92. Short Physical Performance Battery and all-cause mortality: systematic review and meta-analysis.
  93. Factors Associated with Medication Non-adherence in Patients with End-Stage Liver Disease.
  94. Editorial: Advancing Adoption of Frailty to Improve the Care of Patients with Cirrhosis: Time for a Consensus on a Frailty Index.
  95. Performance-Based Measures Associate With Frailty in Patients With End-Stage Liver Disease.
  96. Acute Liver Failure Secondary to Hemophagocytic Lymphohistiocytosis during Pregnancy.
  97. Hepatic Encephalopathy Is Associated With Mortality in Patients With Cirrhosis Independent of Other Extrahepatic Organ Failures.
  98. Underutilization of palliative care services in the liver transplant population.
  99. A Comparison of Muscle Function, Mass, and Quality in Liver Transplant Candidates: Results From the Functional Assessment in Liver Transplantation Study.
  100. ABO-Nonidentical Liver Transplantation in the United States.
  101. Defining the threshold for too sick for transplant.
  102. Response to clinical assessments of health status as a potential marker to identify patients who are too sick to undergo transplantation.
  103. Functional decline in patients with cirrhosis awaiting liver transplantation: Results from the functional assessment in liver transplantation (FrAILT) study.
  104. Functional impairment in older liver transplantation candidates: From the functional assessment in liver transplantation study.
  105. Outcomes for liver transplant candidates listed with low model for end-stage liver disease score.
  106. Kidney Failure and Liver Allocation: Current Practices and Potential Improvements.
  107. Decision support for organ offers in liver transplantation.
  108. Hepatitis C genotype influences post-liver transplant outcomes.
  109. Total 25(OH) vitamin D, free 25(OH) vitamin D and markers of bone turnover in cirrhotics with and without synthetic dysfunction.
  110. Clinician assessments of health status predict mortality in patients with end-stage liver disease awaiting liver transplantation.
  111. Bone Mineral Density, Bone Turnover, and Systemic Inflammation in Non-cirrhotics with Chronic Hepatitis C.
  112. Role of delta-aminolevulinic acid in the symptoms of acute porphyria.
  113. Combined effects of recipient age and model for end-stage liver disease score on liver transplantation outcomes.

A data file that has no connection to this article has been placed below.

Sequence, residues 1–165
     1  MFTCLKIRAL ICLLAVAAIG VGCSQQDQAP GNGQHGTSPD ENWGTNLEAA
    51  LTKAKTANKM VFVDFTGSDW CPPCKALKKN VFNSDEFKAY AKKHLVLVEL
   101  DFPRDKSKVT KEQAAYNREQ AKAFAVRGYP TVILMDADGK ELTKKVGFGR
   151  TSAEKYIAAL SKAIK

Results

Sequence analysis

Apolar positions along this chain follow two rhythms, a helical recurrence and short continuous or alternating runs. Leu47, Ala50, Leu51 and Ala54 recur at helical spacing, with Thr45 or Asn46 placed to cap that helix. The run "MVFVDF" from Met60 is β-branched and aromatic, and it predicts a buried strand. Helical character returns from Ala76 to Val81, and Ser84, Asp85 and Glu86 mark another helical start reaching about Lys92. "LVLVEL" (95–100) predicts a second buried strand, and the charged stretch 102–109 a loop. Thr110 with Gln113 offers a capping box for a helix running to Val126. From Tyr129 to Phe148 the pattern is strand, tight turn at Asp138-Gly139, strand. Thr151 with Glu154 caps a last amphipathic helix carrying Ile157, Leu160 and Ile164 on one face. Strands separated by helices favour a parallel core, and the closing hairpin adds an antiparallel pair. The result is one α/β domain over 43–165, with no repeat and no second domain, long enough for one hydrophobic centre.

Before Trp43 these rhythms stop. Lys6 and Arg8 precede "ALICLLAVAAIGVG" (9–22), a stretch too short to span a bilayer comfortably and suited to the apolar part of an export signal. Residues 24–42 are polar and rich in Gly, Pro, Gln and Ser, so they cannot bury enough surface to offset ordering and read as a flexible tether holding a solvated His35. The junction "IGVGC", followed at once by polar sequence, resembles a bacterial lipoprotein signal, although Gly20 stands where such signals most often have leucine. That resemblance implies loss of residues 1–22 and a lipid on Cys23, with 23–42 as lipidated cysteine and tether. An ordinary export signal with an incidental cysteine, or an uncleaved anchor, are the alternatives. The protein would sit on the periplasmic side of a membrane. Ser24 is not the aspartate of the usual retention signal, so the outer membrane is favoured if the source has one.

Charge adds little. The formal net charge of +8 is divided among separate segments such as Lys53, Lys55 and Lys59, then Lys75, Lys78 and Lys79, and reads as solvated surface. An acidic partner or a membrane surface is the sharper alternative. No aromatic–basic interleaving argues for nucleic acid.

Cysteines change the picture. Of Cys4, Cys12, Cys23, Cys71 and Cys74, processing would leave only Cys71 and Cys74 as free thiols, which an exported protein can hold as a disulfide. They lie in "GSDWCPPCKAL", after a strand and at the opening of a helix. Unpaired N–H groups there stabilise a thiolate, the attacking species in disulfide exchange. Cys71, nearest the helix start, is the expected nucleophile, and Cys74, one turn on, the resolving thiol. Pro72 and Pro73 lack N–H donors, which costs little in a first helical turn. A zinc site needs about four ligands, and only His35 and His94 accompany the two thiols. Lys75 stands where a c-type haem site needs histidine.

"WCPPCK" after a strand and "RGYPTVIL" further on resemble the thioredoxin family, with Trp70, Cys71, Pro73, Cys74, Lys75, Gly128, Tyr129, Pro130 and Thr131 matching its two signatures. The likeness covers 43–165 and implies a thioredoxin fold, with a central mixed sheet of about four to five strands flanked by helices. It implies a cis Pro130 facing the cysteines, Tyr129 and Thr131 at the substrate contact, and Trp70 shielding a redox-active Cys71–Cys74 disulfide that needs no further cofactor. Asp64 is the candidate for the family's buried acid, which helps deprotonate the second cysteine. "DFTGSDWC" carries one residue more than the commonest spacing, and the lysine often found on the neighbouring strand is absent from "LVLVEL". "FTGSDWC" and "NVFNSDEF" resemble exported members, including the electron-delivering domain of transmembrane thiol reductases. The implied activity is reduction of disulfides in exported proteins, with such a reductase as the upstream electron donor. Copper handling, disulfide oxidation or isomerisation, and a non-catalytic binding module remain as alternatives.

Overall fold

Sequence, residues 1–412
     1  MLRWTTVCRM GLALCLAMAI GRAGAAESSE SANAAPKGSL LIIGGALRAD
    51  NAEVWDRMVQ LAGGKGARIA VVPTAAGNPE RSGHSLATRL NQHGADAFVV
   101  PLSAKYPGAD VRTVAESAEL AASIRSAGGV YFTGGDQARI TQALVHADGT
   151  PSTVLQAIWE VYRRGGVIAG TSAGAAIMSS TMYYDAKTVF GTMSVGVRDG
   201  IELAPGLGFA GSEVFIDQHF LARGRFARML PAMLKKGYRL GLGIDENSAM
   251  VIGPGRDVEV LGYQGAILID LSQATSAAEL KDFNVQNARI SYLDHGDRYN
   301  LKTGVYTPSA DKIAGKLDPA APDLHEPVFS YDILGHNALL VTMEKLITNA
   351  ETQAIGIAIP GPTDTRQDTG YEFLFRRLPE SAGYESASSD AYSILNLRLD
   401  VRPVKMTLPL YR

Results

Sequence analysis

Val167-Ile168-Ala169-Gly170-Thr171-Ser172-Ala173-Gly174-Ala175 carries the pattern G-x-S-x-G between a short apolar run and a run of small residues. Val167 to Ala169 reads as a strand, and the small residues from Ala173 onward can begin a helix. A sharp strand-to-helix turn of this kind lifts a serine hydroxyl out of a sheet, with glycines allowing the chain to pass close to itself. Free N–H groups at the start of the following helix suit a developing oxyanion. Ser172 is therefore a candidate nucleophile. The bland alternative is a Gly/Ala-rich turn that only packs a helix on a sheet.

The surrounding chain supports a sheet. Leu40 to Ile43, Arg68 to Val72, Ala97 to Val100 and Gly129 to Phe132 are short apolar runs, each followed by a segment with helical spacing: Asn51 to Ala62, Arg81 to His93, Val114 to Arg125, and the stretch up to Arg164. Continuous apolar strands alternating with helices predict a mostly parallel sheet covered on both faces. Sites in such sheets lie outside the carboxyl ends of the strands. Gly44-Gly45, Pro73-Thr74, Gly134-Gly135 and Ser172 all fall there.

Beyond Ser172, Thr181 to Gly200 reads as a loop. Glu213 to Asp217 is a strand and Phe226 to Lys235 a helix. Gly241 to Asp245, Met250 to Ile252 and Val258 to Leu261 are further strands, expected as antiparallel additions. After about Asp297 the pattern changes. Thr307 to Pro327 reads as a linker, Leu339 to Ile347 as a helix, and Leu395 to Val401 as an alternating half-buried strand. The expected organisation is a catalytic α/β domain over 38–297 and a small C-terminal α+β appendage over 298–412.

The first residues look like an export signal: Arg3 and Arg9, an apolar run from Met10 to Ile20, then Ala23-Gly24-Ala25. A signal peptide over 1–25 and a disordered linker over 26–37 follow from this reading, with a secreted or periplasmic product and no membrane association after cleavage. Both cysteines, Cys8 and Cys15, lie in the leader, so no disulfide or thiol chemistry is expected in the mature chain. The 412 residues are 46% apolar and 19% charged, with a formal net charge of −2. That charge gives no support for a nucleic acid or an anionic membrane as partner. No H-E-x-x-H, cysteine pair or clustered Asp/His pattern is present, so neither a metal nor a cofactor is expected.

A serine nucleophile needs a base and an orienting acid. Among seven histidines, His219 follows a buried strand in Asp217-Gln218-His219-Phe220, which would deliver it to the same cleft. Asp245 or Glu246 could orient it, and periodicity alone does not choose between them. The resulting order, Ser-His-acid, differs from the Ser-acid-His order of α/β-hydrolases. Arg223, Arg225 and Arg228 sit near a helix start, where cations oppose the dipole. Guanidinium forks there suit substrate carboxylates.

114. The octogenarian donor: can the liver be "younger than stated age"?
  115. Expanded criteria donors.
  116. Frailty predicts waitlist mortality in liver transplant candidates.
  117. A comparison of measured and calculated free 25(OH) vitamin D levels in clinical populations.
  118. Variability in free 25(OH) vitamin D levels in clinical populations.
  119. Reducing infection transmission in solid organ transplantation through donor nucleic acid testing: a cost-effectiveness analysis.
  120. Offer patterns of nationally placed livers by donation service area.
  121. Center competition and outcomes following liver transplantation.
  122. An examination of liver offers to candidates on the liver transplant wait-list.
  123. Recipient-donor race mismatch for African American liver transplant patients with chronic hepatitis C.
  124. Risk of advanced fibrosis with grafts from hepatitis C antibody-positive donors: a multicenter cohort study.
  125. Effects of ethnicity and socioeconomic status on survival and severity of fibrosis in liver transplant recipients with hepatitis C virus.
  126. Patient, center and geographic characteristics of nationally placed livers.
  127. Hepatic steatosis at 1 year is an additional predictor of subsequent fibrosis severity in liver transplant recipients with recurrent hepatitis C virus.
  128. Hepatitis C virus-infected women have a higher risk of advanced fibrosis and graft loss after liver transplantation than men.
  129. Gender differences in liver donor quality are predictive of graft loss.
  130. Height contributes to the gender difference in wait-list mortality under the MELD-based liver allocation system.
  131. Lessons from HIV therapy applied to viral hepatitis therapy: summary of a workshop.
  132. A novel housestaff educational model for quaternary-care patients at an academic health center.
  133. Resource utilization of living donor versus deceased donor liver transplantation is similar at an experienced transplant center.